Use this chart for cooking times:
10 to 18 lbs. 3 to 3-1/2 hours (unstuffed), 3-3/4 to 4-1/2 hours (stuffed)
18 to 22 lbs. 3-1/2 to 4 hours (unstuffed), 4-1/2 to 5 hours (stuffed)
22 to 24 lbs. 4 to 4-1/2 hours (unstuffed), 5 to 5-1/2 hours (stuffed)
24 to 30 lbs. 4-1/2 to 5 hours (unstuffed), 5-1/2 to 6-1/4 hours (stuffed)

When cooking your bird, it’s very important to baste the turkey often to keep it moist. One of the best tips we can offer for a truly rich flavor is to create a cavity between the breast meat an the skin by slipping your fingers under the skin and making a deep pocket. This is a great place to add some dabs of butter, a few leaves of fresh sage and perhaps a few tablespoons of good brandy or Grand Marnier. We also like to put sprigs of fresh rosemary in all the joints, such as between the leg and breast, and under the wings. If you’re not stuffing the bird, don’t hesitate to put things inside it like an apple (peeled and cored), sprigs of fresh herbs and a peeled whole onion. These “perfume” the meat from the inside.

If you want our bird stuffed, for safety we recommend putting the stuffing in that pocket, rather than in the body cavity. Then you can remove the stuffing afterwards in a safe and easy manner, while maintaining health safety. This is a great way to deal with stuffing if you’re making a very large bird and expect lots of leftovers. It isn’t always safe to eat stuffing from a leftover turkey.

We also recommend that you make your own turkey stock (recipes in our Food section) for basting. Make plenty because it doesn’t go to waste and adds lots of flavor to your meal, particularly if you make your turkey gravy from pan drippings (which is the right way to do it).

Before you begin the process of carving the turkey, always let the bird sit on the carving board, or the roasting pan for about 15 to 20 minutes after it comes out of the oven to allow the juices to be absorbed back into the meat. This will ensure a moist, tender meat, not a dry and crumbling one.

Follow the instructions below to cut your turkey safely and correctly. As friends and guests look on in anticipation, carve that picture-perfect turkey like a pro by following these four simple steps from the turkey experts at Butterball.

Step 1. Carving the Turkey

1. Cut band of skin holding drumsticks. Grasp end of drumstick. Place knife between drumstick/thigh and body of the turkey and cut through skin to joint. Remove entire leg by pulling out and back, using the point of the knife to disjoin it. Separate the thigh and drumstick at the joint. Use a very sharp knife with a narrow, thin blade.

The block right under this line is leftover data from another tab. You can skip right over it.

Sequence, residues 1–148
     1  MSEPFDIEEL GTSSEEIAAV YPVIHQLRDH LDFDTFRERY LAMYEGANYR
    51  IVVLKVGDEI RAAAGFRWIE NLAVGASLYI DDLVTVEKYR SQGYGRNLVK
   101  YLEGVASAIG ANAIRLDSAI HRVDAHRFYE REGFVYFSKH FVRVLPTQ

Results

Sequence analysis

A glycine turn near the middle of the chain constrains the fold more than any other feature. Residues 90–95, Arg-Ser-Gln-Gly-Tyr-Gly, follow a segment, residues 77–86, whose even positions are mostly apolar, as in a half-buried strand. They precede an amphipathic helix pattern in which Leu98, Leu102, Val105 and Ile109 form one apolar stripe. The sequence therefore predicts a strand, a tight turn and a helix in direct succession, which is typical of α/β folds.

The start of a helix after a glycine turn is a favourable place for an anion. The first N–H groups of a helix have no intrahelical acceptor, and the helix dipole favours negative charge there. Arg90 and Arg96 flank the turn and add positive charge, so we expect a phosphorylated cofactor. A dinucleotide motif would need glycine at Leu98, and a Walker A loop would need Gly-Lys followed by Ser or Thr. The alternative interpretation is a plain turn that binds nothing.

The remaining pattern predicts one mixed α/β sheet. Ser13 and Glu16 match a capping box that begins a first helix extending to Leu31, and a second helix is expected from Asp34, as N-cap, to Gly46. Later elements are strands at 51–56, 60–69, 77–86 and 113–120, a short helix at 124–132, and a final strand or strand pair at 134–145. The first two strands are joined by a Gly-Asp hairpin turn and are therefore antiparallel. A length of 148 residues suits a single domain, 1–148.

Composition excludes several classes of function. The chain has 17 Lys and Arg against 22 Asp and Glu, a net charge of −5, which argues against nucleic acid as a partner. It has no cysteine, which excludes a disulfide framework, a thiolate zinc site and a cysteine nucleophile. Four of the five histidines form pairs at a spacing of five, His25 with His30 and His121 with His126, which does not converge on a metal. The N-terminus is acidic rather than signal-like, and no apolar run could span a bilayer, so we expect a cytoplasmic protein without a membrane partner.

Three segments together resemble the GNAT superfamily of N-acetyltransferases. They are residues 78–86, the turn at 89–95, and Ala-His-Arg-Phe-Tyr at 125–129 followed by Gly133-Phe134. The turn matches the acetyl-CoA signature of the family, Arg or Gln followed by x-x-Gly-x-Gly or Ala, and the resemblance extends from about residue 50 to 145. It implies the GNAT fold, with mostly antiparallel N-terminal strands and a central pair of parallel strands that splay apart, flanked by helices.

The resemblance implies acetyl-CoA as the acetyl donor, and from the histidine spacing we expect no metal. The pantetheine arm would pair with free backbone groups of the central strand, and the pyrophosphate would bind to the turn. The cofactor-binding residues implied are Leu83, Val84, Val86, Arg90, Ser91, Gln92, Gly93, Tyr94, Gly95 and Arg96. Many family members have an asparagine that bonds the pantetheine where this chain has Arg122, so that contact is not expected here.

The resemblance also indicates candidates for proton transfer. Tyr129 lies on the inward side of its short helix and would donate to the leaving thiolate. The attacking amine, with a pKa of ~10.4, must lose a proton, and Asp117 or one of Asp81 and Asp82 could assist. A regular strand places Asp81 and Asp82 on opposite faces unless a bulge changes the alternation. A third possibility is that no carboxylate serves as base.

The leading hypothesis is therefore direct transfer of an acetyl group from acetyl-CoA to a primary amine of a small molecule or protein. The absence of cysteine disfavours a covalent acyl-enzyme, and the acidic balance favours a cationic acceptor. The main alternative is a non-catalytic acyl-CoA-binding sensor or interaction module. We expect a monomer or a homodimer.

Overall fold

Step 2. Prepare for Slicing

2. Insert fork in upper wing to steady turkey. Make a long horizontal cut above wing joint through to body frame. Wing may be disjointed from body, if desired. Use a carving knife, and if needed, a smaller sharp paring knife or other short blade instrument for getting around joints. We do not recommend electric knives for carving turkey on the bone.

Step 3 Slicing the Turkey

3. Slice straight down with an even stroke, beginning halfway up the breast. When knife reaches the cut above the wing joint, slice will fall free. Use a carving knife or ham slice. We’ve found that slicing knives work best for this because their blades are thin and very sharp.

Step 4 Slicing more turkey

4. Continue to slice breast meat, starting the cut at a higher point each time. When you get down to the bone, it may be necessary to switch to a smaller, sharper carving knife.

Don’t forget to carve one side to the bone before beginning on the other. This will ensure that if you have leftovers, the meat on the carcass remains fresh and moist tomorrow. When storing your leftover turkey, wrap it tightly in aluminum foil or plastic wrap after it has cooled sufficiently. Place it in the refrigerator immediately after wrapping.

This year we’ve a new and interesting perspective to add. When buying your turkey, it might be advisable to look for one that has “Certified Antibiotic Free” on the label. These are often organically grown birds, but assure you that you won’t be ingesting antibiotics unnecessarily.

Don’t forget to visit our Food section for great recipes like Stuffings, Gravies, Sauces, Side Dishes and Desserts for your holiday meals.

Happy Holidays to all!

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